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LONDON (Reuters Life!) - Halloween is a bad time of year for black cats, with their long-standing connections with witches, hubble-bubble and evil.
Reports of deliberate cruelty to black cats rise especially in the weeks around Halloween in Britain, the RSPCA animal charity said on Wednesday.
But it seems that not only do people treat black cats badly in October -- they shun them for the rest of the year too.
Black cats at animal shelters take longer than others to find homes, probably because of all the superstitions surrounding them, the charity said.
"Unfortunately, black cats often do spend longer in our rehoming centres than others as they are frequently overlooked by potential owners," said shelter manager Beverly Leavy.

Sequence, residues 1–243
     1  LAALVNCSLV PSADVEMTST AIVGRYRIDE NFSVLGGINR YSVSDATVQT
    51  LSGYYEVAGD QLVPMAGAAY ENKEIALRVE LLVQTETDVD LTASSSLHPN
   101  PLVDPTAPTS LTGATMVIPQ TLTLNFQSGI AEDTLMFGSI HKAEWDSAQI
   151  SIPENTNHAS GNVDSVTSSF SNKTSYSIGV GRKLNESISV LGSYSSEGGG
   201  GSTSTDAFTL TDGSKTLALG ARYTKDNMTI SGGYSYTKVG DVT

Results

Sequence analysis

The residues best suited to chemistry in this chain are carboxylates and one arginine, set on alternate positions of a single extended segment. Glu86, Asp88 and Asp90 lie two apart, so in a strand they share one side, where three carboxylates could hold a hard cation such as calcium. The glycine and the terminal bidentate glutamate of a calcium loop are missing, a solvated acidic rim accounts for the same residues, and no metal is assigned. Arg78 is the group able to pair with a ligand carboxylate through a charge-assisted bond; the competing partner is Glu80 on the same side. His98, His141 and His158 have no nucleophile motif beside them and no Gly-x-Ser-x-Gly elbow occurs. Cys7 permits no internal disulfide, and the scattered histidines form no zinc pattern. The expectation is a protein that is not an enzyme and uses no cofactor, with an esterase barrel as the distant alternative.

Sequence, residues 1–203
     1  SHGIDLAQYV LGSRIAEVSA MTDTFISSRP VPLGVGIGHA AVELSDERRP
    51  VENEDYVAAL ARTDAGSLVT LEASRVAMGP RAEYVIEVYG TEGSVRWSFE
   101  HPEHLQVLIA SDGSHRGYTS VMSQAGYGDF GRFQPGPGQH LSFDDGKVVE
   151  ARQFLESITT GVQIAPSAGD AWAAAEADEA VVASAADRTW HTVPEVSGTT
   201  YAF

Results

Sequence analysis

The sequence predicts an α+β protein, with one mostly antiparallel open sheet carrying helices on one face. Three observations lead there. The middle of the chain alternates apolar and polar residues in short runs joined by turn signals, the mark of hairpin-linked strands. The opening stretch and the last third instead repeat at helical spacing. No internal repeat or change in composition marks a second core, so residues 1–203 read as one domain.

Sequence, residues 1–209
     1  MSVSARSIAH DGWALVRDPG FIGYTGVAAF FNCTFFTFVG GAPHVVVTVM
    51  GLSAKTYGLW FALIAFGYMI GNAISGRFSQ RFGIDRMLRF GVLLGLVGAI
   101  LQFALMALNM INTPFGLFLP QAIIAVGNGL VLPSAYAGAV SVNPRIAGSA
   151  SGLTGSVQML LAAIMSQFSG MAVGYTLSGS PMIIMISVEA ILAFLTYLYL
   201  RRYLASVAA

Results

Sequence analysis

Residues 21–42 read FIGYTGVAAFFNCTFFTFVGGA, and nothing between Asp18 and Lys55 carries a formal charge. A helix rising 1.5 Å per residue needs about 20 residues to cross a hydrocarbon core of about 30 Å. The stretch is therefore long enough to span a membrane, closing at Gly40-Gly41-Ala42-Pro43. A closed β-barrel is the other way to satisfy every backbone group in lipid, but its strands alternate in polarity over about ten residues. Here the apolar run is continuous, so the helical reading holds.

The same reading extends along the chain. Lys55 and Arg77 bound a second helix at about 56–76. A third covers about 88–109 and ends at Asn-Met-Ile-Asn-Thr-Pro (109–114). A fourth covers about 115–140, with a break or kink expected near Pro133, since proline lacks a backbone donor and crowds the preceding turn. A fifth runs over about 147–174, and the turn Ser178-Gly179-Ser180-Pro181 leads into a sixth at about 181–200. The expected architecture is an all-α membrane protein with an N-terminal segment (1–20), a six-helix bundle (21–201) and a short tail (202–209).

"But their fur color makes no difference to how much love they have to give," she added. "The cats are ready to make wonderful pets."
The image problem varies from country to country and often involves black cats crossing people's paths.
Historians differ about the origins of the superstitions.
Some point to the ancient Celts, some to folklore tales that liken cats to snakes and cast them as the constant companions of witches, others to a Medieval belief that they caused the black plague in Europe.
The view that they bring bad luck has also woven its way into art and popular culture.
American writer of macabre tales, Edgar Alan Poe, published a short story "The Black Cat" in 1843 and in the late 19th century a shady cabaret called Le Chat Noir welcomed guests in the Bohemian Montmartre district of Paris.
The RSPCA is appealing for potential owners to come forward for the black cats in its shelters. They can be found on www.rspca.org.uk
Reporting by Catherine Bosley; Editing by Steve Addison